Salisbury Flower Logo



Gardening in the Heat


Gardening in the Heat

by Rob Sproule

When the summer mercury rises, it’s not just humans and pets who get uncomfortable.   Heat waves bring a lot of stress to gardens, but there are easy things that you can do (and avoid doing) to help your plants beat the heat.



If possible, try to water first thing in the morning.   It can seem like a chore, but a walk around the garden before heading to work can really clear the head!   An early drink will keep the soil cool as the mercury rises.

If morning aren’t an option for you, the next best time to water is in the evening, after the scorch has soothed.   This isn’t a great idea when we have cold nights or mildew may set in.

Avoid overhead watering in the afternoon heat.   It’s a pet peeve of mine to see water being launched 20 feet into the air by sprinklers at 4pm on a hot day.   Not only is it highly wasteful, but it’s expensive, as well.   If you water during the day’s heat, invest in a soaker hose that keep the water low to the ground.


Minimize Stress

Just like you don’t want to go do push-ups all day in 30 degree heat, your plants don’t want to be stressed out, either.   Avoid “surgical” tasks like planting and transplanting until it cools off a little.   Root systems work overtime in heat and don’t need any extra disturbances.

Try to water first

Plants have different types of root systems depending on where they come from.   Native and/or cool climate plants tend to have deeper roots and are therefore better equipped to handle dry conditions.   Tropical plants, like tomatoes, peppers, and many annuals, have roots close to the surface.   Try to give them a little extra water, or when the soil dries and hardens it could damage the roots.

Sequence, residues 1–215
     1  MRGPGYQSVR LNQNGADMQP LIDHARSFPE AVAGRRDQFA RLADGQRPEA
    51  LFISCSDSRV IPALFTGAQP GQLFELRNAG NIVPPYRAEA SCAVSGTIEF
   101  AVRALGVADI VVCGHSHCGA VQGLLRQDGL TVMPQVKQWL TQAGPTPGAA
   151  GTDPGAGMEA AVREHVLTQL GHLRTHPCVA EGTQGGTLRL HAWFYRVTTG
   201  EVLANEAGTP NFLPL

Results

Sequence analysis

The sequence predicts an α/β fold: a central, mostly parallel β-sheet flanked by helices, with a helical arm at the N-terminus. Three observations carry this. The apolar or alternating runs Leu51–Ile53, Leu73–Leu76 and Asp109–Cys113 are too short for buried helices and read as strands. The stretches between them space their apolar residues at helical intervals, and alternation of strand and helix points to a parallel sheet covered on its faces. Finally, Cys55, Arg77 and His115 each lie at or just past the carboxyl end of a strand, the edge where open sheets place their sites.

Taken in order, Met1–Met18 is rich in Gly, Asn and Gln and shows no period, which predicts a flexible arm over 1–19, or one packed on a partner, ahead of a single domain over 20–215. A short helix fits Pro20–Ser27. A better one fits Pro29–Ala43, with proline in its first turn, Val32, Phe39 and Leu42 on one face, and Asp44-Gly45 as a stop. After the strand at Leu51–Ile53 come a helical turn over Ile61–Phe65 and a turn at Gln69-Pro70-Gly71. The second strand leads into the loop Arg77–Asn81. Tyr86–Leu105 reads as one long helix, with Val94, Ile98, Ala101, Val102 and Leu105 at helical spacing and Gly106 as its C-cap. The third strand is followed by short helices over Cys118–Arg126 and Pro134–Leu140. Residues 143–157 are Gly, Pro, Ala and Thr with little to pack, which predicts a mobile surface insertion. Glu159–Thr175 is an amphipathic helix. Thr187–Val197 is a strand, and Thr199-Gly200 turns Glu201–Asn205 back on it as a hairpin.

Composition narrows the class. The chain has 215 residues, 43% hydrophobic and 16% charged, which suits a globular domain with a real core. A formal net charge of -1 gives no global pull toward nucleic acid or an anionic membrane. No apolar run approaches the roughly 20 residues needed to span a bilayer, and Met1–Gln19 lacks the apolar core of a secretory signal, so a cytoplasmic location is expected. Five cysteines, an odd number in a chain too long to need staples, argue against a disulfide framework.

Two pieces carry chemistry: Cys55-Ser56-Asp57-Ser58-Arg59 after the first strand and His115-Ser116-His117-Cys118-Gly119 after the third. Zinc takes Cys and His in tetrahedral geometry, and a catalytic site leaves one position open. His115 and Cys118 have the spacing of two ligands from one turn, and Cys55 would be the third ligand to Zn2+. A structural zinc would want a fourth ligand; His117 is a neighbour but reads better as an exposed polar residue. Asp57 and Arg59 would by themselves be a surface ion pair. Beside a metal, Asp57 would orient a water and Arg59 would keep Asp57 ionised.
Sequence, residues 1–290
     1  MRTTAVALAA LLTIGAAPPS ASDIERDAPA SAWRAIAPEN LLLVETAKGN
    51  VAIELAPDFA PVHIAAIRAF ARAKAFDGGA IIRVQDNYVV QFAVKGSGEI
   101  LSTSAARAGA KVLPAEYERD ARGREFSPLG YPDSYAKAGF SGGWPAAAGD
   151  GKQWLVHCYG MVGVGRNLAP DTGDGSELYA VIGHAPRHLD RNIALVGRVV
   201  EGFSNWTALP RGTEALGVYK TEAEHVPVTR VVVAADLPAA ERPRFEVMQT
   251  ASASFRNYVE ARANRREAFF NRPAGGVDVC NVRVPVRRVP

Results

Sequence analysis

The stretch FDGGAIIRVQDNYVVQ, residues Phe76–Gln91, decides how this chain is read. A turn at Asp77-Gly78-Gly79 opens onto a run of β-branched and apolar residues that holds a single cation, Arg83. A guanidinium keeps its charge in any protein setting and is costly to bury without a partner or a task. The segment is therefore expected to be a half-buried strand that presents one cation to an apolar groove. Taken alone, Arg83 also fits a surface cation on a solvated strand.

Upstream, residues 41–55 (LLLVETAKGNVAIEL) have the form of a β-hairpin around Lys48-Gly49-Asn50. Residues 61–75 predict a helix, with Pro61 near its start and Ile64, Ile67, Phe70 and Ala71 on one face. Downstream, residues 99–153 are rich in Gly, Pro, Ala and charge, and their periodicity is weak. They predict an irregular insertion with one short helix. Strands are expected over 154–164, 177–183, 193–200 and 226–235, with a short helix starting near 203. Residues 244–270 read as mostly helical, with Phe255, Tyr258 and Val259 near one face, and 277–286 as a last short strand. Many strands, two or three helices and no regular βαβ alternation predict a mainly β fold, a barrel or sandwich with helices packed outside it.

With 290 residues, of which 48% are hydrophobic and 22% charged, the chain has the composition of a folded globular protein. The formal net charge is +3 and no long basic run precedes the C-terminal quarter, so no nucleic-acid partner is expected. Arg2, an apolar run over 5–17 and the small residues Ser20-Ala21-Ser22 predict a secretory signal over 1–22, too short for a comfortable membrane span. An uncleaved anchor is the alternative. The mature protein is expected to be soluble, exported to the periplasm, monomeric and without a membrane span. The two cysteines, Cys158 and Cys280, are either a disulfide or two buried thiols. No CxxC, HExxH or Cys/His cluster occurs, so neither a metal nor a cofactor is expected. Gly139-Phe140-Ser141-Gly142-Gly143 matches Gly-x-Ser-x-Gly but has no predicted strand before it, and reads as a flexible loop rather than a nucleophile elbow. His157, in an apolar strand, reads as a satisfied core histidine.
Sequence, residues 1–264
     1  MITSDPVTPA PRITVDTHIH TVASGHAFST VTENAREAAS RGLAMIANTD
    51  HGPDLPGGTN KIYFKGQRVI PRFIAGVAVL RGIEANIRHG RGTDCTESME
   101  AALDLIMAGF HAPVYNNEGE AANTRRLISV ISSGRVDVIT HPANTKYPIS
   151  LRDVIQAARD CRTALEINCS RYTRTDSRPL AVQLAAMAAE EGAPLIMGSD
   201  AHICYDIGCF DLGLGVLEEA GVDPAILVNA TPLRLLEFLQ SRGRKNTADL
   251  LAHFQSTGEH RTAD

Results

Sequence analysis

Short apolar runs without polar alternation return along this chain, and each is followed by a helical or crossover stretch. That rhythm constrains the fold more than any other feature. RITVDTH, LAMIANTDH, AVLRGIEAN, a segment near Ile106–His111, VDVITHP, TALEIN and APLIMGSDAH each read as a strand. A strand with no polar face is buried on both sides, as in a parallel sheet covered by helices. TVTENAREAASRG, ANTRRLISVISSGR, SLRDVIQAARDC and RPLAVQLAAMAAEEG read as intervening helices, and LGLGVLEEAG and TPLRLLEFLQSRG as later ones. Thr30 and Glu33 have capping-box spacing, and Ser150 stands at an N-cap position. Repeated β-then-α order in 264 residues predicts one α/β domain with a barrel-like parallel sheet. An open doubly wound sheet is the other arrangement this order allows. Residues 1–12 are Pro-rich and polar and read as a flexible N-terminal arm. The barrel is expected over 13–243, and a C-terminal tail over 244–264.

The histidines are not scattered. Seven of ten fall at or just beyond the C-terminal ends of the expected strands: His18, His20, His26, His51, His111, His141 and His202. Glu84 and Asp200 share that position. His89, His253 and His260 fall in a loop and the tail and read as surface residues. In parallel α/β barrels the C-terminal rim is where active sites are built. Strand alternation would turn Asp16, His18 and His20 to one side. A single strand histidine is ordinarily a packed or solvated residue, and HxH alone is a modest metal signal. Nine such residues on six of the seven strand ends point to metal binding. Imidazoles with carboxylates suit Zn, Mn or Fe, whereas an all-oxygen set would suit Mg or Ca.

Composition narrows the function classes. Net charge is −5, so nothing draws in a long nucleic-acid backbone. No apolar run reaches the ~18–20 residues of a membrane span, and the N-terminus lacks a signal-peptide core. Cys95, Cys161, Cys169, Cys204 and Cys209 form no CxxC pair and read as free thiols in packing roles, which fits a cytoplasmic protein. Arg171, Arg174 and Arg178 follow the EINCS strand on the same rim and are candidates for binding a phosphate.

Cooling the Soil

Dark soil absorbs heat like a sponge, and hot soil can be dangerous to the roots just under the surface.   Cool off the soil by adding mulch around heat sensitive plants like salad greens, root crops, and pansies.   Cedar mulch or straw is best; avoid rock because it will heat up and actually make the problem worse.

Keep your lawn a little longer in the heat.   Longer blades (around 3″) will both keep the roots cool by shading the soil and more leafy tissue means more ability to transpire, which helps cool the plant.

Keep in Touch with what’s happening at Salisbury Greenhouse



Read through our Growing Guides for tips to enrich your garden! 

More like this

Profile view of seedlings in the rain | Salisbury Greenhouse - Sherwood Park, St. Albert

Identifying and Resolving Overwatered Plants

Excessive rain can lead to overwatered plants, especially in Zone 4a. Learn how to identify the signs of overwatering and discover effective solutions to keep your garden healthy and thriving.

Recent Articles

It's Seeding Time

Join us for this free event
to get all the tips and tricks to start growing your own garden or plants!

Seeding Saturdays

at Salisbury at Enjoy
April 1st

1PM to 3PM


at Salisbury Greenhouse
April 2nd

1PM to 3PM

Online registration is currently unavailable.

Please sign up for FREE in store!

Stay in Touch

* indicates required
( ) - (###) ###-####
Yes, I would like to receive text messages to my phone number.
I understand that I can opt out by testing STOP to the text messages.
To ensure that you receive only the content you want, please select the communications you would like to subscribe to:
Salisbury Greenhouse
Get your gardening tips!
Salisbury at Enjoy
Hot plant drops!
Salisbury Landscaping
Beautify your outdoor space